SURREALISM PAINTERS BEYOND BORDERS – Kikuji Yamashita, a Surrealist painter of postwar art movement in Japan

A surrealist painter associated with the postwar avant-garde art movement in Japan

Although he painted hundreds of canvases, he avoided seeking commercial success, surviving economically as an artist thanks to his wife’s beautician earnings. In 1953, he joined many young artists to form the Young Artists’ Alliance art cooperative, which for three years held exhibitions and published a magazine entitled Art of Today. In 1976, Kikuji Yamashita was the subject of a documentary film by Shinkichi. At the Pompidou Center in Paris, before his death some of his paintings were included in the major international exhibition Avant-Garde Arts of Japan 1910-1970. In 2010, Linda Hoaglund featured his paintings in a documentary film.

In 1962, he held his first solo show. Kikuji Yamashita was born in 1919 in Miyoshi, located in Japanese Tokushima Prefecture, where Shikoku Mountains have steep slopes subject to landslides and rockfalls. Graduated from Takamatsu Crafts High School in 1938, he moved to Tokyo, where began studying under Japanese Surrealist painter Ichirō Fukuzawa, knowing work of Max Ernst and Hieronymus Bosch. In 1970, he wrote an essay relating to his war years, including the guilt he felt for his actions at the time.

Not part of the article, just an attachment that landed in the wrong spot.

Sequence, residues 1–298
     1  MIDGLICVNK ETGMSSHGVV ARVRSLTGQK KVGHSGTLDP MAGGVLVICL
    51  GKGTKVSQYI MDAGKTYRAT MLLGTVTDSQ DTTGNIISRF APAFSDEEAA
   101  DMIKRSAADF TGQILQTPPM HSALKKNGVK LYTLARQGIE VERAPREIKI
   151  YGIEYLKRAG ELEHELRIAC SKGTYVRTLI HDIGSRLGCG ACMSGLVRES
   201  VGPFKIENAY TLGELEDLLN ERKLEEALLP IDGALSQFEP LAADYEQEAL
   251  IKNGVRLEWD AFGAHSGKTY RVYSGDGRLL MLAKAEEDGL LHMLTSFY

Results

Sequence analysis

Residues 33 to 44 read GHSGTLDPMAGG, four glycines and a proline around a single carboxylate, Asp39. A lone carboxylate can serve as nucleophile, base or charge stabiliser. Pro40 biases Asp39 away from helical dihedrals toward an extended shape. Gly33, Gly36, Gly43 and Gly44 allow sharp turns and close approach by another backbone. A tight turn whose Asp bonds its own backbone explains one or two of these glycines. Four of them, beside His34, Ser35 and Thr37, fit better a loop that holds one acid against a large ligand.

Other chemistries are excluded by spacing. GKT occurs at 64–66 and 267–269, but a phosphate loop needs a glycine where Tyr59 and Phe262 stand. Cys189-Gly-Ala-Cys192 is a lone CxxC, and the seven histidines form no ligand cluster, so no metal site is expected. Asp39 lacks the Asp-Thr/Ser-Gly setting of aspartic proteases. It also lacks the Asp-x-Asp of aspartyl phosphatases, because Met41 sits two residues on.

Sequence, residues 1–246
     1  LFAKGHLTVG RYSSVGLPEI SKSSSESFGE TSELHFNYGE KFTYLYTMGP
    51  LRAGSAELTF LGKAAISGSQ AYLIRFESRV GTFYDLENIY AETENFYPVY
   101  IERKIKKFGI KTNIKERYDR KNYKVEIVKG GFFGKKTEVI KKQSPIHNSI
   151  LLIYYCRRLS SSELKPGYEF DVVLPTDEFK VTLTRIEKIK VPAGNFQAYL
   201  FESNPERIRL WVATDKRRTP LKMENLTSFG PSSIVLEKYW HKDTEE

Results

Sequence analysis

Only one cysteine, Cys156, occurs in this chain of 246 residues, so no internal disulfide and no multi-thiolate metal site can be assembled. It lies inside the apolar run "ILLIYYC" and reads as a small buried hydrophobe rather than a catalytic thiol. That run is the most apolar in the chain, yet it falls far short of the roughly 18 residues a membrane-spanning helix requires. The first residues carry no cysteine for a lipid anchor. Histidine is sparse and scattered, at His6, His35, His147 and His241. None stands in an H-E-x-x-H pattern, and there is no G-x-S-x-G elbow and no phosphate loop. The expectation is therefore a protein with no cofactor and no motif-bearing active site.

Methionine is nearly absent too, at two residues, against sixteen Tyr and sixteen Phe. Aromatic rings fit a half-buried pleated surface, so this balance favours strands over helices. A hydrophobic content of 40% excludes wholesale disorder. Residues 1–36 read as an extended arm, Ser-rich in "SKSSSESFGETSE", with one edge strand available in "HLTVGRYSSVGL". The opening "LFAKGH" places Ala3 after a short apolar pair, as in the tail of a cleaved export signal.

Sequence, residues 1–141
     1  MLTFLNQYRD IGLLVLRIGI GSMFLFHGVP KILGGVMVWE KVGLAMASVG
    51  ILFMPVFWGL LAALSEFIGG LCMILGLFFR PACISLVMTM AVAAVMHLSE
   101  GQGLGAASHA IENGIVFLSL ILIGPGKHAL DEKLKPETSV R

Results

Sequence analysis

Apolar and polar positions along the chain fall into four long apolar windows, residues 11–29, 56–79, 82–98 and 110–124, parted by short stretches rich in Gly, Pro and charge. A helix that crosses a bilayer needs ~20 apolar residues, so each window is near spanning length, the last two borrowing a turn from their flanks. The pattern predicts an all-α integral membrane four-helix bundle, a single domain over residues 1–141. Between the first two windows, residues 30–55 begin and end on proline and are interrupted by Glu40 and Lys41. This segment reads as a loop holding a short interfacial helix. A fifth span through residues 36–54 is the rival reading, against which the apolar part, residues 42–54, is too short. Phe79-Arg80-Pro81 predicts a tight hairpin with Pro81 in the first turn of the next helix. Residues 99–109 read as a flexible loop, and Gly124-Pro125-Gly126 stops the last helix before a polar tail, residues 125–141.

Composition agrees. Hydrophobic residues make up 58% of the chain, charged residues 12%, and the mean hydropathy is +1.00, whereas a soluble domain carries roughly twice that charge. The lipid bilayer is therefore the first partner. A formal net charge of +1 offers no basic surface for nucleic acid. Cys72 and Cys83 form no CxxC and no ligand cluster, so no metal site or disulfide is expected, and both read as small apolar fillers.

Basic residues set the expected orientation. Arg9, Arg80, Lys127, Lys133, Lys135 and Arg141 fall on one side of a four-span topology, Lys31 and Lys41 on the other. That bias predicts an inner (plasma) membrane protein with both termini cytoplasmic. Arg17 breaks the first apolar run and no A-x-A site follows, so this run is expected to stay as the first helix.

In 1939, Kikuji Yamashita enter Japanese army, and fight in China. Having survived the war and living with the memories of his experience of him in wartime, he generated a personal opposition to the war, which was reflect in his art. In the late 1960s, he was still painting surrealist paintings that criticized the presence of US military bases on Japanese soil. In 1974, he founded an art collective called Ichirō Fukuzawa, with which he stayed until 1984, coming out of it with health problems. Numerous galleries and museums, such as the National Museum of Contemporary Art Korea, have presented his work.

After the war, Kikuji Yamashita participated in the formation of the Japan Art Association, dedicating himself to the production of works of art inspired by socialist realism; he helped found the Avant-Garde Art Society, an avant-garde artistic collective aligned with the Japanese Communist Party. Depending on the size and medium of the artwork, his works were offer at auction with prices ranging from $ 1,871 to $ 11,720.

In 1952, to galvanize peasants into forming a militant resistance movement against a dam, Kikuji Yamashita and other artists went to the village of Ogōchi, where he produced surrealist oil paintings relating to the struggling life of peasants. During this time, he painted The Tale of Akebono Village, a painting depicting an activist lying in a pool of blood and a hanged grandmother, along with villagers depicted as animals. He was a bird lover and even kept owls as pets in his home, where he died in November 1986.

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